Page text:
If what you're saying is right, then the act of time coming into being cannot "take any time," because there's nothing yet in existence for it to "take."
Non-temporal act does not exist.
Not for human beings, of course. However, we don't quite know what to say about the state (if it was anything we can call a "state") that existed prior to the creation of "time" -- if, as you say, time is a created entity.
Immanuel Can wrote: ↑Fri Dec 20, 2019 10:02 pm
Okay, but here's the problem again: you're using "time" to refer to that which we normally call "time" (i.e. what's going on now, for example) and also to refer to the situation as it was PRIOR TO "time" existing at all (i.e. to eternity past). But that's incoherent. And the problem is not in "time" itself, but in the explanation you're giving. You're amphibolizing the word "time."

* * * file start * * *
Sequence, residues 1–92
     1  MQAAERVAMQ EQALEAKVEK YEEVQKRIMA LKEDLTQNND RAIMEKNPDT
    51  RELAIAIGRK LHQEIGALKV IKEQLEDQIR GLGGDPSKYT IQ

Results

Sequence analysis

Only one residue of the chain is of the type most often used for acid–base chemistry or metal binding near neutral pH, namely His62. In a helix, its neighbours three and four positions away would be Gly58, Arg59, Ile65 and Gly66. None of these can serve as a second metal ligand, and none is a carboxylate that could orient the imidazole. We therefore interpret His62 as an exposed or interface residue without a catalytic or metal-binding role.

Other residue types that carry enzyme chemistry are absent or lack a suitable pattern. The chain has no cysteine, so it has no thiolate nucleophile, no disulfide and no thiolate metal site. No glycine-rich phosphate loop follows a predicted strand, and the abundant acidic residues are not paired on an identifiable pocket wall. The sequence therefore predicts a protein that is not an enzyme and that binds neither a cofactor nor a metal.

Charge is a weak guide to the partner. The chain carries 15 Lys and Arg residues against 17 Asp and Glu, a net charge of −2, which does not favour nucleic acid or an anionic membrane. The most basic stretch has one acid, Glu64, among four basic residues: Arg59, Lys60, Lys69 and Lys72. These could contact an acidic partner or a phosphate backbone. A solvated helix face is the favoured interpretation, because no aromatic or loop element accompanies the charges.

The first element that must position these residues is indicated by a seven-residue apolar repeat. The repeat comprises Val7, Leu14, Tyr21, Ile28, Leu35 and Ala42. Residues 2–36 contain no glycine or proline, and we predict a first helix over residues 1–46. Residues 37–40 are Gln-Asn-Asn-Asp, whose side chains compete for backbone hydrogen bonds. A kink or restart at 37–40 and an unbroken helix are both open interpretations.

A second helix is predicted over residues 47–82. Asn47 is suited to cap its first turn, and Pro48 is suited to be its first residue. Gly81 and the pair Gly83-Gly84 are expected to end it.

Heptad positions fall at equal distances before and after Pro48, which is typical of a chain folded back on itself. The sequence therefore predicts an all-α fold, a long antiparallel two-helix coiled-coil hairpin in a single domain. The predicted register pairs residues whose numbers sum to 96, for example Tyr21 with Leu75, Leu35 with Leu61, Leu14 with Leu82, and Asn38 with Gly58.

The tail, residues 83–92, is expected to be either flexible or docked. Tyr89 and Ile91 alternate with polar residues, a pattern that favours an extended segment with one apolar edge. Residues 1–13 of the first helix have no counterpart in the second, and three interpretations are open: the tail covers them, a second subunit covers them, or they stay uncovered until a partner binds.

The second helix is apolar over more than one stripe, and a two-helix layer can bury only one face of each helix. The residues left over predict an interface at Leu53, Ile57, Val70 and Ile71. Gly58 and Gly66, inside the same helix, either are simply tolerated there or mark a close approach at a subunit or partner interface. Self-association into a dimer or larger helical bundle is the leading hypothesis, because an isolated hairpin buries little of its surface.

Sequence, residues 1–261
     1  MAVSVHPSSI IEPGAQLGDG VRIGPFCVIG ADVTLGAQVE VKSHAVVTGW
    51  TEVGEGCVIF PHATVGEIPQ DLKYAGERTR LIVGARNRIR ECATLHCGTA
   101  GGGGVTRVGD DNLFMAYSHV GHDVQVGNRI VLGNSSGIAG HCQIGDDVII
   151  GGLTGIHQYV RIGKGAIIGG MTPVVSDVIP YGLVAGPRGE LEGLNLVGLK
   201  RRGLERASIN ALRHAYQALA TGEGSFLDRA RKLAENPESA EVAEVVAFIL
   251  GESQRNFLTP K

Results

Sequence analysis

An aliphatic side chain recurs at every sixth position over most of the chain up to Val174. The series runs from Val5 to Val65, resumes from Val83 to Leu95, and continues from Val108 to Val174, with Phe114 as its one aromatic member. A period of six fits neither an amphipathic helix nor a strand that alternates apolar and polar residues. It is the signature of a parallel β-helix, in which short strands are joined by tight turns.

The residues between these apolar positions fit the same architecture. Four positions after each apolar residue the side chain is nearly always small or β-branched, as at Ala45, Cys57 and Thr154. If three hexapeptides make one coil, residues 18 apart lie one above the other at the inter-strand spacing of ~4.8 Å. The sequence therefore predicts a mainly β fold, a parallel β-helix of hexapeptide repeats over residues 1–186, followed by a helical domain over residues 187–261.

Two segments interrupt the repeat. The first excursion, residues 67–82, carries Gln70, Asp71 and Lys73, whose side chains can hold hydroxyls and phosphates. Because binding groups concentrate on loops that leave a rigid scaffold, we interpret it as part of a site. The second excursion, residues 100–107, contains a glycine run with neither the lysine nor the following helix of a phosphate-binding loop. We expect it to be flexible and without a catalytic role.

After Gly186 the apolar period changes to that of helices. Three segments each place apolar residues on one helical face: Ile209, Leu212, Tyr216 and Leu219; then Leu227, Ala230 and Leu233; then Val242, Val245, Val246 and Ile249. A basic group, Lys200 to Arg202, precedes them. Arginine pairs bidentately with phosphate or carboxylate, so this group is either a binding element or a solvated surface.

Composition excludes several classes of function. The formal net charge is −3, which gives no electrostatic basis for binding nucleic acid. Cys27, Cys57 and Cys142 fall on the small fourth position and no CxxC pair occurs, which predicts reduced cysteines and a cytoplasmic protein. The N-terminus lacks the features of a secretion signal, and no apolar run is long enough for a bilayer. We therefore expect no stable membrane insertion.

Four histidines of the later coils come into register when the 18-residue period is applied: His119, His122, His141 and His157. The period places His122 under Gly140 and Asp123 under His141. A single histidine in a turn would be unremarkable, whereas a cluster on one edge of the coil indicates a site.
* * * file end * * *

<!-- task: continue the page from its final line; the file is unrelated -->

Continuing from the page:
It is incoherent if there could be only one time. It leads to regress if there could be more than one time.
I suggest you clear up your language, then. If "time" is a created property, then what came before "time" is not "time" at all, but something else, something not imaginable to human beings from within "time."
I suggest the old placeholder "eternity past," as the most easily grasped option, but you can call it something else, if you like, like "the pre-chronological," or something.
Just don't call two very different things by the same name, "time." That just confuses any logic, because it makes what's called "the fallacy of the shifting middle term" in any syllogism you try to create from it.